Do you have a question for me? Send it my way. Sorry I can't answer every one personally. Questions and answers are edited for length and clarity.
Tools, Explainers, Guides and Charts
A helpful overview of how the Canada Pension Plan works from an investment advisory firm. “The Canada Pension Plan is more than just a mandatory pension scheme. It is a robust system designed to provide a safety net for Canadians during their retirement years.”
The Money-Free Zone
When he died recently, Robbie Robertson left behind a lot of great music and an autobiography that I recently read and enjoyed a lot. It’s called Testimony and it’s one of the better books by a musician that I’ve come across. Bob Dylan’s Chronicles: Volume One and Patti Smith’s Just Kids are two favourites, and I also liked Keith Richards’ Life.
On social media
A handy comparison of the features of the new first home savings account and the long-established Home Buyers’ Plan.
What I’ve been working on
– A guide to starting CPP and OAS benefits when you retire – and yes, it’s on you to do that
– Prepare for five to 10 years of financial disruption from persistent high interest rates
– How much are you giving up in returns when you buy GICs from an online broker?
More Rob Carrick and money coverage
Subscribe to Stress Test on Apple podcasts or Spotify. For more money stories, follow me on Instagram and Twitter, and join the discussion on my Facebook page. Millennial readers, join our Gen Y Money Facebook group.
Even more coverage from Rob Carrick:
- 🎧 Catch up on Stress Test: Why millennials and Gen Z are Alberta-bound for a more affordable life • Rising interest rates brought pain for new homeowners – and opportunity for house hunters • Why more Canadians are choosing to be childfree or delay parenthood • Love in the time of inflation: How to manage rising costs when dating • You're not bad at money – you're suffering from money shame • Retirement might look different for Gen Z and millennials. Here's how to plan for it • Recession-beating tips for the job market, housing, investing and the cost of life • Is the middle class dead for millennials and Gen Z?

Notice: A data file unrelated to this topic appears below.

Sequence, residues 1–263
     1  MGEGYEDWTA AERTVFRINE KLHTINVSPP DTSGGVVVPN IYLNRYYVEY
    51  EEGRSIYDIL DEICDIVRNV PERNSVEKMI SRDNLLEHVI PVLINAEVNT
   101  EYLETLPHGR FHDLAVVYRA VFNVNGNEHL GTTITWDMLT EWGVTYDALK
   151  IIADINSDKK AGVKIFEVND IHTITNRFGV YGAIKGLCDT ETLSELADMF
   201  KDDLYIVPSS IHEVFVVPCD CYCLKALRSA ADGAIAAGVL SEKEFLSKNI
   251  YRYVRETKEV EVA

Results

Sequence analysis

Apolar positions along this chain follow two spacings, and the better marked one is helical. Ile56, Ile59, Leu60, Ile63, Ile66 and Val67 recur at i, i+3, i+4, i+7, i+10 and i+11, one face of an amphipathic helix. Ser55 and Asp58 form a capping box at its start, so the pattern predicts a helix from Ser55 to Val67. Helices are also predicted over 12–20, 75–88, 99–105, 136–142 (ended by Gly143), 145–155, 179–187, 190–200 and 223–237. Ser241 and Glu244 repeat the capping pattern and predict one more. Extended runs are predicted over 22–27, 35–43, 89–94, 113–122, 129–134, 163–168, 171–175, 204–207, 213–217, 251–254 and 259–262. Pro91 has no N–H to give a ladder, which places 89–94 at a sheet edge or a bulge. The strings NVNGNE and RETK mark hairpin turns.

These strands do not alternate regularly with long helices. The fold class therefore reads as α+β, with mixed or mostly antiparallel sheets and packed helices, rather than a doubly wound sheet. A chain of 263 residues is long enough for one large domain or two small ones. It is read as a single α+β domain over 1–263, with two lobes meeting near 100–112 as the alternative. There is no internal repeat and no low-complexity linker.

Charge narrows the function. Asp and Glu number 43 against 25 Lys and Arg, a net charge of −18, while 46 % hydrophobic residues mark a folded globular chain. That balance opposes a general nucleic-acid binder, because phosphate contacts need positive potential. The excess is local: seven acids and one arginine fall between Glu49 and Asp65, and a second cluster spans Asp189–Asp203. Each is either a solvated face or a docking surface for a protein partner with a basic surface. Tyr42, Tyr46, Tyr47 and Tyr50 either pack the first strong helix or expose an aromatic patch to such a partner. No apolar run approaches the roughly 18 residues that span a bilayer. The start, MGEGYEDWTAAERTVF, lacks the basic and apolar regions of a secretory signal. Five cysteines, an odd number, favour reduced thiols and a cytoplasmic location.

- ✔️ The housing file: A house isn’t special. Get your head straight about the reality of home ownership • The good, the sad and the unaffordable: Saving for a home downpayment in Canada’s big cities • Property taxes are popping in some cities – how worried should you be about other tax hikes? • Our other real-estate problem – people have too much wealth tied up in houses • Borrowers and savers, here’s how to time the eventual rollback of interest rates
- 📈 Investing: Canada's top digital broker is TD Direct Investing, with an assist from the TD Easy Trade app • 2023 Globe and Mail ETF buyer's guide part one: Canadian equity ETFs • For the ultimate in cheap investing, check out the Freedom .08 ETF Portfolio • Yes, there is risk in Canadian bank deposits for the unwary and complacent • CDIC covers bank deposits, but who protects your investments if your broker goes bust? • Answers to your questions about the low-risk ETF paying almost 5% • Happy fifth birthday to one of the all-time best investing products for everyday people • An investing strategy that wins cleanly over the long term by outperforming in bad years like 2022
- 💰 Your money: Mortgage holders, savers and GIC investors, it’s time to change your thinking on interest rates • How much debt is each generation of Canadians carrying, and how do you compare? • For the sake of their financial futures, young people should leave Toronto and Vancouver • This practical new spin on a savings account might just peel you away from your big bank • Rental fraud grows amid rise in fake, falsified tenant applications • Are Canadians worse off financially now than in the 1980s? • From groceries to auto loans, here’s how much more it costs to live right now • When saving for retirement, should you change your asset mix over the course of your career? • Do retirement income needs always rise alongside inflation? Not necessarily • When the bank suggests you lock in your variable rate mortgage, it has an angle